[Openid-specs-risc] Request for vote on RISC Implementer's Draft

Marius Scurtescu mscurtescu at google.com
Wed Apr 25 01:56:37 UTC 2018


Comments inline...

On Mon, Apr 23, 2018 at 5:15 PM, Mike Jones via Openid-specs-risc <
openid-specs-risc at lists.openid.net> wrote:

> Based a quick skim wearing my foundation secretary hat, I need the
> following things to get these ready to post:
>
>    - Rename risc-secevent to openid-risc-secevent-1_0
>
> renamed to openid-risc-profile-1_0, see bellow



>
>    -
>    - Rename risc-event-types to openid-risc-event-types-1_0
>
> done



>
>    -
>    - Rename oauth-event-types to oauth-event-types_1_0
>
> done



>
>    -
>    - Provide the openid-risc-profile-1_0 to also post
>
> sorry about the confusion, that was risc-secevent, renamed to
openid-risc-profile-1_0



>
>    -
>    - Add “1.0” to the end of each of the spec titles.
>
> done



>
>    -
>    - Optionally, also prefix the first two spec titles with “OpenID”,
>    such as “OpenID RISC Event Types 1.0”.
>
> done



>
>    -
>    - Include a URL for any specification references.  For instance, the
>    RISC-PROFILE should include the URL “http://openid.net/specs/
>    openid-risc-profile-1_0.html”.
>
> done



>
>    -
>    - Include dates and authors in all specification references – both for
>    the WG specs and for IETF specs.  For instance, the SET reference is
>    missing the data and author information (and the URL).
>
> done



>
>    -
>    - Run a spelling and grammar check.  For instance, I’m sure you didn’t
>    mean to say “This document defines the RTISC Event Types”.
>
> done



>
>    -
>    - Provide a copy of the primary source documents for each of the
>    specifications (the .xml files) as well as the .txt and .html output from
>    xml2rfc that you intend for me to post at http:/openid.net/specs/.  If
>    you’re using MarkDown, please also provide me the .md files and the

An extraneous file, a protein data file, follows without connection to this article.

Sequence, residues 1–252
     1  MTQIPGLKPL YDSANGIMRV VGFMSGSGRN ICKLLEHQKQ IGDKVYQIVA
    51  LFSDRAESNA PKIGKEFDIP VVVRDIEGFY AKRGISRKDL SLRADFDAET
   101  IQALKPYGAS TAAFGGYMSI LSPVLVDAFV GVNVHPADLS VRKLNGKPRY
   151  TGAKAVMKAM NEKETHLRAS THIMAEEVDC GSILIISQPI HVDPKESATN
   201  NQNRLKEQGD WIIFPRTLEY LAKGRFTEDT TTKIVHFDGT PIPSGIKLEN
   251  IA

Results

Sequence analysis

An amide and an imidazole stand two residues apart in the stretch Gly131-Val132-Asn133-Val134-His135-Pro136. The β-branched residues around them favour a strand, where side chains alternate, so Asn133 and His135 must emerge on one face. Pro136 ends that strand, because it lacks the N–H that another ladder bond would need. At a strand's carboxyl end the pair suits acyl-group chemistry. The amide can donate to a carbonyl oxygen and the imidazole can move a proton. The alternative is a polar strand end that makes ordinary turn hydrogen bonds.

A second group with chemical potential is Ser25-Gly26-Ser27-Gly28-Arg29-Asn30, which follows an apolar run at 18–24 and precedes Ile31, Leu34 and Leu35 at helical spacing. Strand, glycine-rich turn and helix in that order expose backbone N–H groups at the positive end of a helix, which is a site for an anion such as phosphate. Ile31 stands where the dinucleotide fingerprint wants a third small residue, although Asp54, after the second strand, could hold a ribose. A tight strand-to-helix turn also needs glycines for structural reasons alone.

>    procedure you use to convert the .md files to .xml.  I may verify that they
>    build correctly.
>
> Attached


Thanks a lot Mike!


>
>    -
>
>
>
>                                                                 -- Mike
>
>
>
> *From:* Adam Dawes <adawes at google.com>
> *Sent:* Monday, April 23, 2018 3:49 PM
> *To:* Mike Jones <Michael.Jones at microsoft.com>
> *Cc:* Dick Hardt via Openid-specs-risc <openid-specs-risc at lists.openid.net
> >
> *Subject:* Request for vote on RISC Implementer's Draft
>
>
>
> Hi Mike,
>
>
>
> This is a formal request from the RISC working group to call a vote to
> make the following specs implementers draft:
>
>
>
> RISC secevents
> <https://bitbucket.org/openid/risc/src/98ade8086b82c080e1bcd2060252c20116b44009/risc-secevent.txt?at=master&fileviewer=file-view-default>
>
> RISC event types
> <https://bitbucket.org/openid/risc/src/98ade8086b82c080e1bcd2060252c20116b44009/risc-event-types.txt?at=master&fileviewer=file-view-default>
>
> OAuth event types
> <https://bitbucket.org/openid/risc/src/98ade8086b82c080e1bcd2060252c20116b44009/oauth-event-types.txt?at=master&fileviewer=file-view-default>
>
>
>
> As per our conversation last week, you said that you would review the
> drafts this week for proper formatting/references/etc and would likely come
> back with changes before issuing the specs for a vote.
>
>
>
> The group wanted to take next week's call, 4/30 @9:30, to run through the
> errata changes and lock them down. Would be ideal if you can attend as well.
>
>
>
> Please let me know if you have any other questions.
>
>
>
> thanks,
>
> AD
>
> --
>
> Adam Dawes | Sr. Product Manager | adawes at google.com | +1 650-214-2410
>
>
>
> _______________________________________________
> Openid-specs-risc mailing list
> Openid-specs-risc at lists.openid.net
> http://lists.openid.net/mailman/listinfo/openid-specs-risc
>
>
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                                                            M. Scurtescu
                                                                  Google
                                                              A. Backman
                                                                  Amazon
                                                                 P. Hunt
                                                                  Oracle
                                                              J. Bradley
                                                                  Yubico
                                                          April 24, 2018


                         OAuth Event Types 1.0
                         oauth-event-types-1_0

Abstract

   This document defines the OAuth Event Types.  Event Types are
   introduced and defined in Security Event Token (SET) [SET].

Table of Contents

   1.  Introduction  . . . . . . . . . . . . . . . . . . . . . . . .   1
     1.1.  Notational Conventions  . . . . . . . . . . . . . . . . .   2
   2.  OAuth Specific Subject Identifier Types . . . . . . . . . . .   2
     2.1.  Token Subject Identifier Type . . . . . . . . . . . . . .   2